It’s another step in bringing two or, in this case, three, different cultures together into one. That’s not something that typically happens on its own.
“The expectation was that they should just automatically behave the same way we behave,” Bedford says. “Not understanding the psychology of an acquisition, the management teams at these companies were fearful of how they could operate.”
It may seem obvious to you that you want the managers of the company you’re acquiring to continue to act like managers, but in the case of Republic, it wasn’t.
“We had to reassure them that they were in fact part of the team,” Bedford says. “We very much valued their contribution. They needed to manage and lead directly as opposed to waiting for us to tell them what to do.”
This effort takes time and Bedford says it has still hit a few speed bumps along the way.
“We’re clearly spending a lot more one-on-one time with employees to answer their questions so they understand that we are listening to them,” Bedford says. “We want them to see some measured change based on their feedback.”
Bedford says it’s a matter of building the trust and respect that everybody needs to truly feel part of a team and not like an outsider. That teamwork is important for the team itself but also for the way your employees interact with customers.
“Our employees are already working hard,” Bedford says. “But working hard is different than being passionate about what you do. A passionate employee is going to create that emotional connection with customers that we desire.”Focus on your employees
It hasn’t always been easy, but little by little, the merger of Republic, Frontier and Midwest is working out. The company ended 2009 with $1.6 billion in revenue but already had $1.3 billion through the first six months of 2010.
“We’ve been putting up record load factors for the last five months, so it feels like customers have been sticking with us,” Bedford says.
The technology problem is nearing resolution and Bedford says the company’s cultures are continuing to come closer together.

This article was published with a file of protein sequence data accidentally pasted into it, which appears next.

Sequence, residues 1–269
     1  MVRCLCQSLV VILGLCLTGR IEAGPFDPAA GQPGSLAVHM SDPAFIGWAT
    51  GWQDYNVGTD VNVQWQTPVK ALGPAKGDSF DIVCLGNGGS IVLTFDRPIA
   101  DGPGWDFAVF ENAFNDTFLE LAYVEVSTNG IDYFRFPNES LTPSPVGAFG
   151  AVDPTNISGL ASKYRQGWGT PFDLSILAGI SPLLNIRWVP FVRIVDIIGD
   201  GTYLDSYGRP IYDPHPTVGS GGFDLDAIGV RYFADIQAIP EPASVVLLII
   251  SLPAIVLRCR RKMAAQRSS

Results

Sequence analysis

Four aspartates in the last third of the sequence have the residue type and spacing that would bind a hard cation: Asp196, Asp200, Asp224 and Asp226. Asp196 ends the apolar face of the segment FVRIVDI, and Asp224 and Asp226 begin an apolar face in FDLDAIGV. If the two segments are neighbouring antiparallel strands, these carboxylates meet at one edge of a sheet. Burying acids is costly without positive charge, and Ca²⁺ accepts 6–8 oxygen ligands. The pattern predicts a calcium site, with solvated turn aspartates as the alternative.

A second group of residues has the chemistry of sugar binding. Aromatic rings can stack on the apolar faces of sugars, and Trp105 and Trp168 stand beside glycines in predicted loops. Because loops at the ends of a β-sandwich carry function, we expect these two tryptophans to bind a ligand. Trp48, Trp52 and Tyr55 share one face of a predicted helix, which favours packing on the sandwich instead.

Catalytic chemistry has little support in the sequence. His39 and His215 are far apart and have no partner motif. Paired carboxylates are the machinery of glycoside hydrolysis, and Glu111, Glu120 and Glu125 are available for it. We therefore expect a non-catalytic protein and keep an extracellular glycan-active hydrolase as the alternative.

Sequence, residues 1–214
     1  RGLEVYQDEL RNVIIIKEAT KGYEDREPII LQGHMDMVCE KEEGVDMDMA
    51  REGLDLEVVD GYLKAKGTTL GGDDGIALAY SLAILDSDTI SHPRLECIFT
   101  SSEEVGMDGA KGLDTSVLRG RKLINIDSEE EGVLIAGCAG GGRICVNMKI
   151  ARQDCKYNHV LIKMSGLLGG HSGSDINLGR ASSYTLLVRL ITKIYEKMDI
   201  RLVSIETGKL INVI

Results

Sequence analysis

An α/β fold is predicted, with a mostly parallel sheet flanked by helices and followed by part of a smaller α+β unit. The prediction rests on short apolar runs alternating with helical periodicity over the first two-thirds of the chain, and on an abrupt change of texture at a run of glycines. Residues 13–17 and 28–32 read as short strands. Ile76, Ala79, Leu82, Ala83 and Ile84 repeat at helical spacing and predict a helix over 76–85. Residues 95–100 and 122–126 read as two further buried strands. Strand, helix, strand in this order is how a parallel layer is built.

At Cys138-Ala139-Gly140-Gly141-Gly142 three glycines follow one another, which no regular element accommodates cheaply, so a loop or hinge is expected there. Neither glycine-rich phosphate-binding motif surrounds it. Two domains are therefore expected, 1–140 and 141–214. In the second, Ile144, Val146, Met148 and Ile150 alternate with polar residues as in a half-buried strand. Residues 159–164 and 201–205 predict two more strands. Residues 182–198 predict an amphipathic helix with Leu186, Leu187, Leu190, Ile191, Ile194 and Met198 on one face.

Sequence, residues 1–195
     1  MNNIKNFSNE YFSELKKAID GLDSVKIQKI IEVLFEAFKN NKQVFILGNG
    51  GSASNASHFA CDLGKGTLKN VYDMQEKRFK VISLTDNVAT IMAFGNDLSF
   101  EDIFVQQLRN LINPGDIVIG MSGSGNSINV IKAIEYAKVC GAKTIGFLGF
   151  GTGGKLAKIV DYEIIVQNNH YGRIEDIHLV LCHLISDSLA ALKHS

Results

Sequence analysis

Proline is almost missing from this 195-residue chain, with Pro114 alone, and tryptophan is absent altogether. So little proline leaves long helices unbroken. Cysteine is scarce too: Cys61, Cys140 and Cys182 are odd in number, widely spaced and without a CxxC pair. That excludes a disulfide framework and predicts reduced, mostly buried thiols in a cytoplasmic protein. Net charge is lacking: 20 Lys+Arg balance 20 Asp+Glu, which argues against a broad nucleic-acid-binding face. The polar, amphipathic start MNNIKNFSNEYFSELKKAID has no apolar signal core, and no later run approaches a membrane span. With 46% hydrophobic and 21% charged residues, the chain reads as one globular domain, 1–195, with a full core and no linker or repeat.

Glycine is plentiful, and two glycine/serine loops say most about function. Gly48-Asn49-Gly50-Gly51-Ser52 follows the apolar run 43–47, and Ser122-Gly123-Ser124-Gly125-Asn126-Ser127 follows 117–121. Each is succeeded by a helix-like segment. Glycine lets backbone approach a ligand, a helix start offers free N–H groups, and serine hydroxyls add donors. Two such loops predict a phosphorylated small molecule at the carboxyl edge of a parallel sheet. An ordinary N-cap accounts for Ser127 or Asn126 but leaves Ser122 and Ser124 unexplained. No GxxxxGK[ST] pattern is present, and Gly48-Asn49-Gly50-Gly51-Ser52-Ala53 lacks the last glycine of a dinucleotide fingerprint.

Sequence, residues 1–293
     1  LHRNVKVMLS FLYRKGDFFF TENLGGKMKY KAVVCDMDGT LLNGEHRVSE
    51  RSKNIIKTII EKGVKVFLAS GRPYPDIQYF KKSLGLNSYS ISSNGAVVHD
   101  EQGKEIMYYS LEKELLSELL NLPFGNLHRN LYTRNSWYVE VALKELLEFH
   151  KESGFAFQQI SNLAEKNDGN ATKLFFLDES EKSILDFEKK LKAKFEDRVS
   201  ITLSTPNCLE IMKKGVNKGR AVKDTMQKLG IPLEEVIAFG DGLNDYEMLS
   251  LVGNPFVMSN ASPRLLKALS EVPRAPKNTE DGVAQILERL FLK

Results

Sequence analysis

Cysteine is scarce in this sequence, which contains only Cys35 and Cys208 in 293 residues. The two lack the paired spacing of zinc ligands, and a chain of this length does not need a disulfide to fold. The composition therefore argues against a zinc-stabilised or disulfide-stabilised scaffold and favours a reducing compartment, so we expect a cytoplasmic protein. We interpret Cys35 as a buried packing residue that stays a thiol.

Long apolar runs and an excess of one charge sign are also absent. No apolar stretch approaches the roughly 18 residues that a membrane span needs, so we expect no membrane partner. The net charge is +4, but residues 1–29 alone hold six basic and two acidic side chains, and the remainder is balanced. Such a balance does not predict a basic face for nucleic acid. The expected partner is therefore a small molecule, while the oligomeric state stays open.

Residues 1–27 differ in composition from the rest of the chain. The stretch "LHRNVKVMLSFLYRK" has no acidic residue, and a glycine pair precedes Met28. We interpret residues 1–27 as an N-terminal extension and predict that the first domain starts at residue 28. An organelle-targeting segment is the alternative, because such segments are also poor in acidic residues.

The most important lesson he takes from the experience is that you need to focus on your employees first, even if it comes at the expense of your customers.
“Naturally our inclination is to focus on the customer first,” Bedford says. “I’d probably flip it and say focus on your employees first. If it means delaying your customer initiatives by 90 days, it’s probably 90 days well spent. Just get to the acquisition and start immediately focusing on answering the why question to the employees: Why are we here? How did we get here? Where are we going from here?
“One of the biggest mistakes we made in the acquisition process was we became so focused on the customer experience, so focused on fixing the technology challenges that we knew were leading to a bad customer experience, that the employee emotions and psychology and this nebulous concept of trust, we did not spend the time we probably should have to develop that trust.”
It’s a lesson learned that Bedford believes will be valuable going forward.
“When people understand the why of what we’re trying to accomplish and why we’re trying to accomplish it and why it’s so important that we do it better than others, they get pretty jazzed up about it,” Bedford says. “But then as a management team, you have to deliver the why.”
How to reach: Republic Airways Holdings Inc., (317) 484-6000 or www.rjet.com